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Monday, 4 September, 2000, 16:38 GMT 17:38 UK
Satellites help companies stay safe and secure
satellite dish
Anti-virus protection is starting to arrive through the air
By BBC News Online internet reporter Mark Ward

As more and more computer viruses circulate, businesses are continuing to look for new ways to defeat the pernicious programs.

Now some companies are starting to protect themselves with a satellite network that distributes virus cures quickly.

Others are turning to smart software that can spot novel viruses before they do damage.

But companies and consumers will have to continue to be watchful as the writers of the malicious programs target new groups of users and devices.

The number of computer viruses circulating around the world has been steadily increasing for the last couple of years but has taken a leap upwards this year thanks to the ILOVEYOU virus.

Worms are returning

Typically computer viruses have relied on human fallibility to travel and have hitched a ride on documents or programs sent around companies or across the internet.

But the newer breed, such as the ILOVEYOU virus, need little help to travel because they can plunder e-mail address books and try to send themselves to all the names they find.

Figures collated by MessageLabs, which monitors and filters e-mail for companies, shows that the numbers of viruses being caught is on the rise.

In October last year, MessageLabs was stopping about 2,000 viruses per month but since May this year, when the ILOVEYOU virus struck, it has regularly been catching about eight times as many. The average from May to August was more than 16,000.

These viruses are more accurately called "worms" because they act by themselves.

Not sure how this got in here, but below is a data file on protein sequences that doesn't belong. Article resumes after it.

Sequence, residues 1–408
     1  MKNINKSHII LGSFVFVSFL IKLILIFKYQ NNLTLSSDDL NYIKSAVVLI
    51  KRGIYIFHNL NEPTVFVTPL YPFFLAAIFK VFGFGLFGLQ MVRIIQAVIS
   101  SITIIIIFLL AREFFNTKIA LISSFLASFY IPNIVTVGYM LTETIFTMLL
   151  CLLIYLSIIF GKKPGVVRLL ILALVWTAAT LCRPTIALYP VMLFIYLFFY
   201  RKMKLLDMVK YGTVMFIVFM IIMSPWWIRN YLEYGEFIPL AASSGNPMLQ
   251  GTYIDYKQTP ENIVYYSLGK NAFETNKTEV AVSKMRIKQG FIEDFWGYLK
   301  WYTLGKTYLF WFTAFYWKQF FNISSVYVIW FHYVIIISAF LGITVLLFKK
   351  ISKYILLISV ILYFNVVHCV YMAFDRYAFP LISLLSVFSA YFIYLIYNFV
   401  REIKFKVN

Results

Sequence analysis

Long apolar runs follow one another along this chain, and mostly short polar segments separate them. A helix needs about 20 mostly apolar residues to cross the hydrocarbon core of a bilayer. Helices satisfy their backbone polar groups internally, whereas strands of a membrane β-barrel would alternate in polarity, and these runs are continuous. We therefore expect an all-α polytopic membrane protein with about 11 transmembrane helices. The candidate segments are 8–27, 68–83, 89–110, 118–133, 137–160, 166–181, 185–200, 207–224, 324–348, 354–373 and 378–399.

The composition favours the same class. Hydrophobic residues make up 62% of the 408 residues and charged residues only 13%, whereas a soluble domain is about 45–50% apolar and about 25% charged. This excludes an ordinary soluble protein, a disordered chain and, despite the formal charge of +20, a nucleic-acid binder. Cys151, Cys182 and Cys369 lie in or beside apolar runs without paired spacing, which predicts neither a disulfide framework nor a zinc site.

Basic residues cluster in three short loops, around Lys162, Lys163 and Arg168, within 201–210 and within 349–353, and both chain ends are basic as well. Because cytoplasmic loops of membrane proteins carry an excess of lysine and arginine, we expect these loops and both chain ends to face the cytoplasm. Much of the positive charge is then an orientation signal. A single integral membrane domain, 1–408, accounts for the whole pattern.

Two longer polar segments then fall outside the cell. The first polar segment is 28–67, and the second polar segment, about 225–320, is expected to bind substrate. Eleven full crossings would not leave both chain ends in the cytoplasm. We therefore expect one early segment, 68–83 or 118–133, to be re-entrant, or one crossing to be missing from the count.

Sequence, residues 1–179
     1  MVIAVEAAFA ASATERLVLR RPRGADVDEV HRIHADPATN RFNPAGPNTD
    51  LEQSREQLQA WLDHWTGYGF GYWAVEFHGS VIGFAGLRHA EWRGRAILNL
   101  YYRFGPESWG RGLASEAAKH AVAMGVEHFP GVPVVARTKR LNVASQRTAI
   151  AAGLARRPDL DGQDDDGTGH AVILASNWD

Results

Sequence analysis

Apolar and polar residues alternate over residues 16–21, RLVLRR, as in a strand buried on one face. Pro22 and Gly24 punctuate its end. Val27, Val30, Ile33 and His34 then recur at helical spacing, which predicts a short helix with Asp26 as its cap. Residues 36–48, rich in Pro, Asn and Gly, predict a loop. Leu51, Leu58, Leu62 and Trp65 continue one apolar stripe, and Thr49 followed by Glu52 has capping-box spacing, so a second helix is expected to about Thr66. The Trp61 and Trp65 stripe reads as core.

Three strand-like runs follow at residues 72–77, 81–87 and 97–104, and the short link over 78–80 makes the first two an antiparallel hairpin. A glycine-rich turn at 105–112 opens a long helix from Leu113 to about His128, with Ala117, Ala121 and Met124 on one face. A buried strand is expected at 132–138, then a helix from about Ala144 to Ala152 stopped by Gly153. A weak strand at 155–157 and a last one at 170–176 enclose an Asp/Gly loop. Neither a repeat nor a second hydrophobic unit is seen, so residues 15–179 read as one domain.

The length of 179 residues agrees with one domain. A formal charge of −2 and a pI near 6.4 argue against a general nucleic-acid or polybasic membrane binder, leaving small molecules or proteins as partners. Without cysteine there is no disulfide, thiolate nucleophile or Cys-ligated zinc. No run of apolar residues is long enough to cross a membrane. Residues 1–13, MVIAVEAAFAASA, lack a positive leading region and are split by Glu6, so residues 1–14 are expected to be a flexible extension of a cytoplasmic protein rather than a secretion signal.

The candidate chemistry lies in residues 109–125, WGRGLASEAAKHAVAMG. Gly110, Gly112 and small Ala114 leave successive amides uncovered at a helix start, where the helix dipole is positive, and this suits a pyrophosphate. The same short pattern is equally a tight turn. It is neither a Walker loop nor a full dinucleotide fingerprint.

The first virus to hit the internet, in 1988, was a "worm" and it was unleashed by computer science student Robert Morris - the son of the former chief scientist of the National Security Agency, America's encryption and spying organisation.

The tricks used by the ILOVEYOU virus to travel are being co-opted by other virus writers and there are believed to be at least 29 variants of it.

Only this week, a new variant of the ILOVEYOU virus, named after Disney character Donald Duck, was found in the wild.

Send by satellite

Now a South African company is trying to help companies keep up with the variants and new viruses by automatically distributing updates and fixes via a network of satellites.

Ian Melamed, chief technology officer of Satellite Safe, said companies had to move ever faster to keep up with the numbers of viruses in circulation.

The first copies of the ILOVEYOU virus were found eight hours before it did any damage, but cures were not available until almost two hours after it hit.

"The issue is one of speed and how you distribute a piece of information to millions of people around the world simultaneously," said Mr Melamed. "It is all about getting the filtering to start yesterday."

Satellite Safe monitors 117 sources of information on anti-viruses to keep up with the latest information. Once a novel virus has been identified, an alert is sent out via satellite to subscribers, reaching everyone within two minutes.

Latest information

"All these viruses have an ID to them," he said. "We broadcast that to an e-mail filtering program which detects, blocks and gets rid of them."

Mr Melamed said the updates were automatically installed and did not require anyone to visit a website and download the latest information.

But other companies are taking a different approach to virus protection by trying to spot malicious programs even before they do damage.

Last month, Finjan software released a free software utility called SurfinGuard which watches what any program on your computer is doing.

The utility warns users about any suspicious or malicious activity and asks if they want to let the program continue what it is doing.

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See also:

31 May 00 | Sci/Tech
Beating big bad bugs
25 Aug 00 | Sci/Tech
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Interpol patrols the web
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